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Islands in the Streaming: Local and niche content discovery in a global TV distribution market
November 22 @ 5:30 pm - 6:30 pm AESTFree
Join Hacks/Hackers Brisbane in-person at ABC South Bank or online to hear ADM+S researcher, Dr Kylie Pappalardo talk about the legal and social challenges that have arisen in the wake of massive changes to film and television distribution in Australia.
In this talk, Dr. Kylie Pappalardo will explore the legal and social challenges that have arisen in the wake of massive changes to film and television distribution in Australia. What is the future of public service broadcasting and local Australian content in the video streaming era? What are the implications of streaming for access to audiovisual culture, especially ‘long tail’ content? And how do recommender systems work, and should they be optimised to recommend content that meets prosocial goals? This talk covers work-in-progress and an ongoing research agenda that Kylie is pursuing under an Australian Research Council (ARC) early career research fellowship.
Dr Kylie Pappalardo is an Associate Investigator at the Queensland University of Technology node of the ARC Centre of Excellence for Automated Decision-Making and Society (ADM+S). She studies how automation, digital distribution, and intellectual property laws shape the reach and diversity of our culture. Her work seeks to develop and inform law, public policy and industry norms that prioritise marginalised voices and diverse perspectives in the production and distribution of screen content.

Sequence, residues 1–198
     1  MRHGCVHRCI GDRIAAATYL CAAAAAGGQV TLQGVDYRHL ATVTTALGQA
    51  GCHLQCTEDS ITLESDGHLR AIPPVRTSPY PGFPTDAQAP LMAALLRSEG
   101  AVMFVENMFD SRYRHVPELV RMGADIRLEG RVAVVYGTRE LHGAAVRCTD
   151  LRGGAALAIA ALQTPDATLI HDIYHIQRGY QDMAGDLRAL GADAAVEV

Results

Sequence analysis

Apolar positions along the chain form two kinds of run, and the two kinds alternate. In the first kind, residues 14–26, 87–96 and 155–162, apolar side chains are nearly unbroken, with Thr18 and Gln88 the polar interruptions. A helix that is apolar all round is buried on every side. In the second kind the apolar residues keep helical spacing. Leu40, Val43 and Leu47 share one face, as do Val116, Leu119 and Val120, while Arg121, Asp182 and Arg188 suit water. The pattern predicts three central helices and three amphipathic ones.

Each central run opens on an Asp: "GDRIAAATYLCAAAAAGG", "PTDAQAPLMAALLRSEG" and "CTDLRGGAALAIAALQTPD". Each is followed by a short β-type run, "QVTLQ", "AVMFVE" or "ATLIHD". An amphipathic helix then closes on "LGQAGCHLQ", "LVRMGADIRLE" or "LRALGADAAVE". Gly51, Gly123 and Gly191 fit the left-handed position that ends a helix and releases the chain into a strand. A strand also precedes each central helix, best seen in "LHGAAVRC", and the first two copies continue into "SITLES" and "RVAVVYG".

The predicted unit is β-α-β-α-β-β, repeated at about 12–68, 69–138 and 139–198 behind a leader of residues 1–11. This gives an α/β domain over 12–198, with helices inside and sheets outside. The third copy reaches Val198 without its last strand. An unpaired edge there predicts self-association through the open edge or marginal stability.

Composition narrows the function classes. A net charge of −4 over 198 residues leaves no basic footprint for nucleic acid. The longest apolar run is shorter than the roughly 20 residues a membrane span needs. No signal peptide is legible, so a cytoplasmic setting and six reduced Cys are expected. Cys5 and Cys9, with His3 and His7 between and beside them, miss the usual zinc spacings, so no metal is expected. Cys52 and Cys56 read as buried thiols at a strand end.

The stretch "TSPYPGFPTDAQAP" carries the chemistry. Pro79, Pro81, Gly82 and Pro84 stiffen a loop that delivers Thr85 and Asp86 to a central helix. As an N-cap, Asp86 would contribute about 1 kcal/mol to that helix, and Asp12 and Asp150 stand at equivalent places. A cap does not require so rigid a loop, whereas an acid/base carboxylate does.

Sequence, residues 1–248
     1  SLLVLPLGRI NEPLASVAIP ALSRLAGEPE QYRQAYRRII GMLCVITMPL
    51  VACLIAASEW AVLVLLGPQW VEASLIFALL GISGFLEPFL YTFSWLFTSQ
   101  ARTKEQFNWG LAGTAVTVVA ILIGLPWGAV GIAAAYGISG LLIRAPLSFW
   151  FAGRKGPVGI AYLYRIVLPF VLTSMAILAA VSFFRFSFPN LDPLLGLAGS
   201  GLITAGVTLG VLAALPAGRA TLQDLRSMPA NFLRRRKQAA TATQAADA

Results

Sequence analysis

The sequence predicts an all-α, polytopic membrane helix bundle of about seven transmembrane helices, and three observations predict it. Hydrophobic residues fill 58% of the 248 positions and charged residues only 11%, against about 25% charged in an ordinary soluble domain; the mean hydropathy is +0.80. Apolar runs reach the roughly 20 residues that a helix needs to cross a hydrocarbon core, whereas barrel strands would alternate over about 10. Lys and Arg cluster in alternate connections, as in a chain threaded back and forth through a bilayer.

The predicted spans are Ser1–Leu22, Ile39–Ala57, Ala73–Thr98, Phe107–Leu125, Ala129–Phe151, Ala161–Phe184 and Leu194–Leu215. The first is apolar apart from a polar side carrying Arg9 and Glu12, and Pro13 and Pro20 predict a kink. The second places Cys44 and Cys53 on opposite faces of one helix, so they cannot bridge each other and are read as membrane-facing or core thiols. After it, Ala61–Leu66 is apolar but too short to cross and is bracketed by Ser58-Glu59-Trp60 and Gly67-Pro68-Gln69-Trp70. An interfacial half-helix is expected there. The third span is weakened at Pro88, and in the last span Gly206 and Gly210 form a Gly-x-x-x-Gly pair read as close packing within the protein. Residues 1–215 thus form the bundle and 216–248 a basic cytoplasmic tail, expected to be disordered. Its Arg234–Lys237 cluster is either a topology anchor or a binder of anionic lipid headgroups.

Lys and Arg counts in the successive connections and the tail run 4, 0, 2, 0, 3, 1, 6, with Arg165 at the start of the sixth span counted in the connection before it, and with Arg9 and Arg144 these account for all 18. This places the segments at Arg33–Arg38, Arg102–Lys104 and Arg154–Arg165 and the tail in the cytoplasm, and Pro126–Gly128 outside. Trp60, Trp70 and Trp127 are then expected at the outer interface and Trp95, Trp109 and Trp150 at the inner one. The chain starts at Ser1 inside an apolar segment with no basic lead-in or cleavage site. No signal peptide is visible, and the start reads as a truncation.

Kylie is a Senior Lecturer in the Law School at the Queensland University of Technology (QUT), a Chief Investigator with the Digital Media Research Centre (DMRC), and an Australian Research Council (ARC) Discovery Early Career Research (DECRA) Fellow (2021-2024) (DE210100525). Her DECRA project examines the impact of copyright law in Australia’s screen industries, focusing on distribution and access to audiovisual material. It considers how the high costs and complex logistics of screen production and distribution can be reconciled with the public goal of broad, affordable and sustained availability of audiovisual content that represents the full diversity of Australia’s people and cultures.
Kylie holds degrees in Law and Creative Writing from QUT, a Master of Law from Georgetown University in Washington D.C., and a PhD from the Australian Catholic University. Her doctoral thesis examined the regulation of online service providers for third party copyright infringement.
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